Pour into unbaked pastry shell. Bake for 10 minutes.
Reduce heat to 325 degrees. Bake for 50 minutes longer, or until center is almost firm (will jiggle a bit when pie dish is moved).
Cool on wire rack.
To serve, cut in wedges and top with a dollop of whipped cream (optional).
Serves 10 to 12.
Approximate nutrients per serving: calories, 618; protein, 6 g; carbohydrates, 60 g; fat, 43 g; cholesterol, 119 mg; sodium, 241 mg.
The Belgian version of chocolate croissants.
1 crusty baguette roll (8 inches long)
1 small bar (1.55 oz.) milk chocolate, cut in pieces
1/4 cup almond paste or marzipan, crumbled
1 Tbsp. ginger preserves
1 Tbsp. butter
2 tsps. unsweetened cocoa
1 Tbsp. water
1/2 to 3/4 cup powdered sugar
1 Tbsp. slivered almonds
Preheat oven or toaster oven to 350 degrees.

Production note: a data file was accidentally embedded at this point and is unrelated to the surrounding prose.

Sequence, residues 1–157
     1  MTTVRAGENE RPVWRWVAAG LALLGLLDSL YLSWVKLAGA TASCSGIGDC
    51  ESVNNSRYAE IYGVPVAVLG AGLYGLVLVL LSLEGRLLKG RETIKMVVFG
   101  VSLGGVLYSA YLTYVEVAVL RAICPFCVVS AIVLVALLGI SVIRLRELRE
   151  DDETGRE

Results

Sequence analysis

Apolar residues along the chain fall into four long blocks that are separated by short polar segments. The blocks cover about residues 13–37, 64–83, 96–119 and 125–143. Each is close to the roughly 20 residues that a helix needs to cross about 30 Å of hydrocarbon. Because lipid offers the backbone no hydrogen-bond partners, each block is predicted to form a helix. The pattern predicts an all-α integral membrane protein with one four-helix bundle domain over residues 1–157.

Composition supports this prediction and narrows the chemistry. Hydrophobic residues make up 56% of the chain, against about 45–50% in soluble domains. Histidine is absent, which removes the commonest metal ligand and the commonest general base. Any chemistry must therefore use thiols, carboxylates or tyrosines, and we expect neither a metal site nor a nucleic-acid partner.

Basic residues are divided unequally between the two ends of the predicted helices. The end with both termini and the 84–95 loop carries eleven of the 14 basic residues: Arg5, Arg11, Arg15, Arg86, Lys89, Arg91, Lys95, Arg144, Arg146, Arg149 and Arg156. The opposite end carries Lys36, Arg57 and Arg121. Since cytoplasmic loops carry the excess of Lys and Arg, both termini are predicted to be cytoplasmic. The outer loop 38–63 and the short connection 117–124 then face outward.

Split the roll in half lengthwise. Remove most of the soft bread from the bottom slice to make a cavity. Place the chocolate in cavity to cover. Top with almond paste or marzipan.
Spread cut side of top slice with ginger preserves. Press lightly to cover as in a sandwich. Wrap tightly in aluminum foil.
Heat through for 7 minutes in oven. Chocolate should be melted. Unwrap.
Drizzle glaze over top. Sprinkle with almonds. Cut into slices with a serrated knife.
For the Glaze: In a cup, melt the butter in the microwave at high for 20 seconds, or until melted.
Stir in the cocoa and water.
Add enough powdered sugar to make a consistency similar to heavy cream.
Makes 6 pieces.
Approximate nutrients per piece: calories, 186; protein, 2 g; carbohydrates, 29 g; fat, 8 g; cholesterol, 7 mg; sodium, 26 mg.
Chocolate-Caramel Tea Scones
Refrigerate chocolate for easier chopping. Leftover scones may be wrapped in paper towels and zapped in microwave for 10 to 15 seconds to barely warm. Do not overcook.